- See PDF for table
A well driller or well constructor may not use a drilling aid for well and heat exchange drillhole construction and reconstruction unless the drilling aid is approved for use under s. NR 812.091
NR 812.11 History
History: CR 18-095
: r. and recr. Register June 2020 No. 774
, eff. 7-1-20; correction in (6) (c) 4., (15) (i) made under s. 35.17
, Stats., Register June 2020 No. 774
NR 812.12 General drilled type well construction requirements. NR 812.12(1)(1)
A well driller or well constructor shall plan and construct each well to comply with all of the following requirements:
The well shall be adapted to the geologic and groundwater conditions of the proposed well site to ensure full utilization of every natural protection against contamination of the water bearing formation or formations and to exclude possible sources of contamination.
The well shall provide an adequate and contaminant free water supply, where the natural geologic and groundwater conditions allow.
Materials and design.
well driller or well constructor shall construct each drilled well to comply with all of the following:
The requirements specified in s. NR 812.152
for potable high capacity, potable school, and wastewater treatment plant wells.
Special well casing depth areas.
A well driller or well constructor shall provide for greater depth of well casing pipe in special well casing depth areas designated by the department where well histories show contamination extends to a greater depth. In some of these areas department approval shall be obtained for each well prior to construction.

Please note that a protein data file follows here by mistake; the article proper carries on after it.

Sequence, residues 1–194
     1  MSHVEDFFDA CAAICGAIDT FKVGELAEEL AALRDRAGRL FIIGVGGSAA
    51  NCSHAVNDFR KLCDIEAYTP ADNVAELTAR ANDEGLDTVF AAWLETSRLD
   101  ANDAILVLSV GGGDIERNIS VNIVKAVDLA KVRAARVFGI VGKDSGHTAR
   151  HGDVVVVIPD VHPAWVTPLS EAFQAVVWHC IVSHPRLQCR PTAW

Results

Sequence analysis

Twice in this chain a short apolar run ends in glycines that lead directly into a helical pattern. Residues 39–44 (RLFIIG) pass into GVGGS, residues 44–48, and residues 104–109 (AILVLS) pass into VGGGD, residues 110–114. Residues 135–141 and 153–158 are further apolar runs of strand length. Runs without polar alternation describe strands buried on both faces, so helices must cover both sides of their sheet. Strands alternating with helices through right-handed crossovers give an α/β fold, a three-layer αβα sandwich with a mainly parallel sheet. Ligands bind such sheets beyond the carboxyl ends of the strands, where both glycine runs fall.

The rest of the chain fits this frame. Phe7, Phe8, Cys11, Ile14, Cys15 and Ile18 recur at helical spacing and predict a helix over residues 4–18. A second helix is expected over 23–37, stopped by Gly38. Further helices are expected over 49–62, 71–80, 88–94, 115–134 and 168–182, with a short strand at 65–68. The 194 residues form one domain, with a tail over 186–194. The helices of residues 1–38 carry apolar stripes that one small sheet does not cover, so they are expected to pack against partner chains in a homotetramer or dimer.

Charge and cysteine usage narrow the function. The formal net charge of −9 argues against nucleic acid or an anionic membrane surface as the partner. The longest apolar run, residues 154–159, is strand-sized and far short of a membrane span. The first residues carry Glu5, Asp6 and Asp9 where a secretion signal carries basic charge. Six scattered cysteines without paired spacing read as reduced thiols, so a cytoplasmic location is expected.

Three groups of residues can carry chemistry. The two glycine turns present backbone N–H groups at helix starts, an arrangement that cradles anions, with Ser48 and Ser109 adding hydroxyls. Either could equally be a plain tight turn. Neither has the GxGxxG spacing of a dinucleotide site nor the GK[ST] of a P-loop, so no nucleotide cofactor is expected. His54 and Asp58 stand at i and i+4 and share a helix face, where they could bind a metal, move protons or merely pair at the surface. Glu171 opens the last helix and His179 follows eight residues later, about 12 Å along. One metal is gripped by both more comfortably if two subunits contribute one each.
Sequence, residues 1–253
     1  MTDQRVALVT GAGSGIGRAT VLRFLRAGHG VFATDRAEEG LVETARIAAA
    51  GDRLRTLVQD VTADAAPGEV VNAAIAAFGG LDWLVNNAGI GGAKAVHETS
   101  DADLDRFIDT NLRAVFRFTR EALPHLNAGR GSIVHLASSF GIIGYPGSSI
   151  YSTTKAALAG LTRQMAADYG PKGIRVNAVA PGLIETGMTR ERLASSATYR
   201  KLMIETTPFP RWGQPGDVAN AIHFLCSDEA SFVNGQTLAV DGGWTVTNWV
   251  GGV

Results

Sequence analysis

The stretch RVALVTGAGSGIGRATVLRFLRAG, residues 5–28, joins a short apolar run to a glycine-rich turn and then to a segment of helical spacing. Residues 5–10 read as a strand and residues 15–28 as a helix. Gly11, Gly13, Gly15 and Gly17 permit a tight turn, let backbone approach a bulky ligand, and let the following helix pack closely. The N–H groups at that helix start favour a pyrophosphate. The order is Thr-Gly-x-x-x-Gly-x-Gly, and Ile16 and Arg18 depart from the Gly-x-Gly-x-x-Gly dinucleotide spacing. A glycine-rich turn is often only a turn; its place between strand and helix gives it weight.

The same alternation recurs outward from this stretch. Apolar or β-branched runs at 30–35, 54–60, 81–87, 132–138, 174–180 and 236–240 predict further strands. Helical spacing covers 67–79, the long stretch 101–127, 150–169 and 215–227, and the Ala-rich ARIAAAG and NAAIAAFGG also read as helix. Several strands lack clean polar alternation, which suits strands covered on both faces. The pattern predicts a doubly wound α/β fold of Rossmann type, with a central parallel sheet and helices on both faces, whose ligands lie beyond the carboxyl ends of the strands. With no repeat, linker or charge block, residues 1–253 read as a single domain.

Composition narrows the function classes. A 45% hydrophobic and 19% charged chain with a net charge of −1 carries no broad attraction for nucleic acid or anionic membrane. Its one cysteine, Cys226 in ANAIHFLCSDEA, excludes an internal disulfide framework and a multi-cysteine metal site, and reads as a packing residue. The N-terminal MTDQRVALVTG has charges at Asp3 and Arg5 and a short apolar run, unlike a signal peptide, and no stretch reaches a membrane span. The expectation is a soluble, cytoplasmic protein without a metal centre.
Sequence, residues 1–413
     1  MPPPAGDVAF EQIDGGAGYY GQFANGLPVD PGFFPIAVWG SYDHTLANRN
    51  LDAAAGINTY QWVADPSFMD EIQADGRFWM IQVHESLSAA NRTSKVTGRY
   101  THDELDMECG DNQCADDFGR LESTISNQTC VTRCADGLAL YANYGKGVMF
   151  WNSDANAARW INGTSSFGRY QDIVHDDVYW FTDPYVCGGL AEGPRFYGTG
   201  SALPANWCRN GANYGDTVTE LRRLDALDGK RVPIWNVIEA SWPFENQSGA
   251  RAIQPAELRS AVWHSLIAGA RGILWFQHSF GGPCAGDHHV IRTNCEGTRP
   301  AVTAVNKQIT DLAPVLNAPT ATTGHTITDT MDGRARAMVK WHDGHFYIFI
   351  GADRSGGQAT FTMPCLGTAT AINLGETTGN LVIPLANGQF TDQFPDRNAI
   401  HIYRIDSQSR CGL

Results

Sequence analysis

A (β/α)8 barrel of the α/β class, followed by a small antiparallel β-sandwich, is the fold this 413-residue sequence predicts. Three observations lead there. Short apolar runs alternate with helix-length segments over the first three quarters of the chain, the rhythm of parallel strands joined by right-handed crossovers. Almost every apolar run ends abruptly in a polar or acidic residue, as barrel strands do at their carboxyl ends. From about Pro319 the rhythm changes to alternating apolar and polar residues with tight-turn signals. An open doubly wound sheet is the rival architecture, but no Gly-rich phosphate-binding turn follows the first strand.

A variance to the setback requirement specified in s. NR 812.08
is not required when the bottom of the quarry is or will be at an elevation higher than the elevation of the ground surface at the well site or if the quarry is no longer used and is permanently filled with water. A well driller or well constructor may construct a well within 500 feet of a quarry if the well is constructed in accordance with all of the following requirements:
The well casing pipe and upper enlarged drillhole depth requirements shall be referenced from the permitted bottom of the quarry.
An additional 20 feet of upper enlarged drillhole and well casing pipe shall be installed over the amount required for the bedrock formation that the well is completed in.
Driving or advancing casing.
A well driller or well constructor may only drive or mechanically advance steel well casing. When a well driller or well constructor drives or advances casing, it shall be done in accordance with all of the following requirements:
A drive shoe or casing shoe meeting the requirements specified in s. NR 812.11 (10)
shall be welded or threaded to the bottom of the casing string.
A drive shoe or casing shoe is not required for any thermoplastic or temporary outer casing.
For a well constructed with thermoplastic casing, the casing may be held down mechanically within an upper-enlarged borehole during grouting to prevent the casing from floating.
Plumbness and alignment.
Well plumbness and alignment shall conform to the requirements specified in s. NR 812.19
upper enlarged drillholes.
A well driller or well constructor shall ensure that any upper enlarged drillhole constructed by the driller is maintained at full diameter during casing setting and grouting.
When a well driller or well constructor constructs a starter drillhole less than or equal to 10 feet deep, the starter drillhole does not need to meet the minimum requirements for upper enlarged drillholes.